One of my favorite baristas at Fourbucks was telling me tonight that she’s going to be taking Spanish during the second session of summer school at the local community college.
I tried that too. For a little background, my first year of college was spent at a major university, where I had a little too much fun and ended up on academic probation after the second semester. I made it through summer school and got off probation, but by that point I had gotten engaged and decided to take a year off from school, move back home, and work full-time. See, this is where my normally good judgment took a serious downturn.
After a few months of working my ass off in a fast food restaurant, I decided that maybe going back to college might help me earn more than minimum wage – so I trotted down to the local community college and signed up for the biggest course load I could handle and still keep my job. One thing I discovered was that in order to get an associate’s degree, I had to have one full year of a foreign language. Irony of ironies, the only language offered was Spanish which I had zero experience in (I had studied French and Latin in high school) but I figured it probably wouldn’t be too hard.
I will never forget our teacher – Mrs. Marshall. Probably the worst teacher on the face of the planet. She had been a professor there dating back to the Cro-Magnon era, so there was no chance of her being fired for incompetence. A typical class consisted of her dragging out her old record player, putting on a 45-minute record called “Learn to Speak Spanish” and then sitting back and filing her nails the entire time. And it wasn’t like we could complain to the chairman of the foreign language department, because she was it.
I ended up earning A’s in Spanish and when I graduated with my associate’s degree I thanked my lucky stars that I would never have to face Mrs. Marshall again. But she would certainly come back to haunt me.
I transferred to a smaller four-year state school and much to my horror discovered that they required not one, but two years of a foreign language in order to graduate. So it was either take Spanish II or start all over with French or Latin. Stupidly, I decided that I would stick with Spanish because I was confident that I could breeze through the class.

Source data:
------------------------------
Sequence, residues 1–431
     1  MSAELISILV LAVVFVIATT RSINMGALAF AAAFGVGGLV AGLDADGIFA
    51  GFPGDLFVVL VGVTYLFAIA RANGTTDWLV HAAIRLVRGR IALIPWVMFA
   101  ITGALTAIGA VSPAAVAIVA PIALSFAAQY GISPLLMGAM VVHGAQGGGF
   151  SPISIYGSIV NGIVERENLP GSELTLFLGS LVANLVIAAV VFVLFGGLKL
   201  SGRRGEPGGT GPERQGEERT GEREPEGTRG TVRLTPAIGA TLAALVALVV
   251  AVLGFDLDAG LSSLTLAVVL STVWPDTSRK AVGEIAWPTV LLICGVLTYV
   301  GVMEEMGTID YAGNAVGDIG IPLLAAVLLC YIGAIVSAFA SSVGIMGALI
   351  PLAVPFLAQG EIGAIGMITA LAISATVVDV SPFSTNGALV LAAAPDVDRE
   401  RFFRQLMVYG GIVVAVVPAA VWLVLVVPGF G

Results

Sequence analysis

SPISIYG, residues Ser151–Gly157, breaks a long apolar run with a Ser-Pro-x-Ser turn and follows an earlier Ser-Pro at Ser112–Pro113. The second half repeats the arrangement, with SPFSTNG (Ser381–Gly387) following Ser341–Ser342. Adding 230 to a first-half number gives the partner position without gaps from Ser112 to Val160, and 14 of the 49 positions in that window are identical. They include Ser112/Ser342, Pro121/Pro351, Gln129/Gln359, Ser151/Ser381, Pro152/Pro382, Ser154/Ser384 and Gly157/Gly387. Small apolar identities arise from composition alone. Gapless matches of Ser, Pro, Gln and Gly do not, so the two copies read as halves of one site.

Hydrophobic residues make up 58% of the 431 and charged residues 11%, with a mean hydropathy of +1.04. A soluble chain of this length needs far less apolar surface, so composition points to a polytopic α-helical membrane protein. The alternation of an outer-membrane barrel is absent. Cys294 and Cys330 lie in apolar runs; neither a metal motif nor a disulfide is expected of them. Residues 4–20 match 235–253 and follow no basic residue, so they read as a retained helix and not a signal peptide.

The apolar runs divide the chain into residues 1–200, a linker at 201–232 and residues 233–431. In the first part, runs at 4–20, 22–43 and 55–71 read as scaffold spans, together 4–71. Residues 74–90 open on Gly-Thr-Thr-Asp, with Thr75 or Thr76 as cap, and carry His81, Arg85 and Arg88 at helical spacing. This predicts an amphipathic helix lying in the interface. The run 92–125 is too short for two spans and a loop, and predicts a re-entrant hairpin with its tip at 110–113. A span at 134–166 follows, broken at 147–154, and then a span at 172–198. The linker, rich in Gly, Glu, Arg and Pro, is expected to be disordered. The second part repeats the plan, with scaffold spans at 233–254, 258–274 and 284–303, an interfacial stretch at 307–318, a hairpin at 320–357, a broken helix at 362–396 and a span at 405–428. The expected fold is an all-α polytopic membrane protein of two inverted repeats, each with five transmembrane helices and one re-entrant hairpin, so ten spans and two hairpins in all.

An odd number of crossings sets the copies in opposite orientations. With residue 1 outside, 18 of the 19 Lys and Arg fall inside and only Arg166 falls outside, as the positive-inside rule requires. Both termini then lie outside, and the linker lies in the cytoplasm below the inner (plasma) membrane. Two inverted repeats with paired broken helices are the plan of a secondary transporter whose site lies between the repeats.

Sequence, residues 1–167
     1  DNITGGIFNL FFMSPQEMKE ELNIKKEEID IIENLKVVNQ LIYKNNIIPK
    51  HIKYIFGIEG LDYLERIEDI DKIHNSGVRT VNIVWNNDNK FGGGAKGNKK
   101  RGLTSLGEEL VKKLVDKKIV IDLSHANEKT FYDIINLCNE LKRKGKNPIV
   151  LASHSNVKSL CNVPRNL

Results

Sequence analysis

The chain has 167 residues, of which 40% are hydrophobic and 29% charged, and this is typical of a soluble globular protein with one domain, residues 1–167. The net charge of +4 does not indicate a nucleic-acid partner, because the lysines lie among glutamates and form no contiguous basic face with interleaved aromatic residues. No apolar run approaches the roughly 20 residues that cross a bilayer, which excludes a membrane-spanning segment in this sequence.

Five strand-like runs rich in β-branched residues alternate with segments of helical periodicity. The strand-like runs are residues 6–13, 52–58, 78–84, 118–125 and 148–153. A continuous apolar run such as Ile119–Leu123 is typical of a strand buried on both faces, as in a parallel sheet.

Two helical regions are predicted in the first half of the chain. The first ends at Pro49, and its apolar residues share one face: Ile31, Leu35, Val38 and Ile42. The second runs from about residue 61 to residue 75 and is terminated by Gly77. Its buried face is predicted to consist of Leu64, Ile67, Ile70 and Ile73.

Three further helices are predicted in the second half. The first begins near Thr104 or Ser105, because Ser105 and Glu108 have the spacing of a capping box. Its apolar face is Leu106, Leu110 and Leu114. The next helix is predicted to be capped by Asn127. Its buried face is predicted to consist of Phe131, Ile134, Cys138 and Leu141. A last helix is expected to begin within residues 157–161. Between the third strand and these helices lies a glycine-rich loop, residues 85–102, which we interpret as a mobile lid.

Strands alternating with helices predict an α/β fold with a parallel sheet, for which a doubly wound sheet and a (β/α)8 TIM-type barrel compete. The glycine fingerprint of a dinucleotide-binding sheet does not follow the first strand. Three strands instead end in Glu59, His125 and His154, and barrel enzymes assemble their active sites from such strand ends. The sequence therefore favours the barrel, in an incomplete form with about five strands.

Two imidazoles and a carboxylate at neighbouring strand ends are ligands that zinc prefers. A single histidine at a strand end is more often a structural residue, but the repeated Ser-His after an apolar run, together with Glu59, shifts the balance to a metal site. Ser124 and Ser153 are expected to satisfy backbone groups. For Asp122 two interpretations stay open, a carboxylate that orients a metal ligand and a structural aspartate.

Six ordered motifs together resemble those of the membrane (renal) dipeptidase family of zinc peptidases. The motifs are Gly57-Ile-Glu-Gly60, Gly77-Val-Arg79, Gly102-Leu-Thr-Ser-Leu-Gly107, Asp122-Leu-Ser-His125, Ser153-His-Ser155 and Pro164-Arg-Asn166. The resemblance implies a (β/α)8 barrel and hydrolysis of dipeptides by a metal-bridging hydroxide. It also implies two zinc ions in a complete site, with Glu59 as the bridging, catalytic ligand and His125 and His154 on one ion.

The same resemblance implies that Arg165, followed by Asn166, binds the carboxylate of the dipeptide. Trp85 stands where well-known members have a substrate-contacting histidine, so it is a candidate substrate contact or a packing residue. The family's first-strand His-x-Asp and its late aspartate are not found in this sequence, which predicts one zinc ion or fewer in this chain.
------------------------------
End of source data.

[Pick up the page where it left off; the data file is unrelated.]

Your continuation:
Oh, how wrong I was. As it turned out, the chairman of the Languages department was our professor, and she conducted the entire class in Spanish only. Well, after listening to records for an entire year that basically taught me how to say “Where is the nearest pharmacy” and “I am going to shampoo my hair,” I was ill-prepared for the horrors of Spanish II. I ended up with a D, and according to the professor it was a total Sympathy D at that. I think I got the D just because I made every class, not because I had any skills.
After licking my wounds for a semester, I sucked it up and decided that I would use summer school to kick some Spanish ass – so I signed up for both semesters, did not take any other classes, and prayed that we would have some lame adjunct professor. I walked into class that first day and was pleased to see at least half of my class from the first time I took it…so obviously I wasn’t alone. Not to mention the fact that we had a relatively decent and laid-back adjunct professor who cut us some slack and made the classes pretty enjoyable for the most part. I ended up earning a B and a B-, which weren’t great for my GPA but at least I had fulfilled the requirement for graduation.
The saddest part of all this is that other than a few token phrases that I learned from Sesame Street and some cuss words, I can’t speak any decent Spanish at all. I’m a little bitter about my experience with Mrs. Marshall, because I think tenured positions shouldn’t guarantee a job to someone who is incompetent or really doesn’t give a damn about doing a good job. The funny thing was that a few years after graduation, I was back home visiting and I bumped into her at a local restaurant.
“Oh, my dear, how are you?” she trilled. “Are you using your Spanish much?”
“No, not really,” I replied.
“Oh, such a shame. You had such a natural gift for languages.”
How would she know? I guess when she was busy filing her nails and balancing her checkbook she might have heard me reciting along with the records?
“So,” I told the Fourbucks barista after relating my tale of woe, “I can barely speak any freaking Spanish at all.”
“Don’t feel bad,” she said, “I took three years of German and the only thing I can remember is Weiner schnitzel and sauerkraut.”
Maybe I didn’t do so badly after all. At least I know a few good cuss words.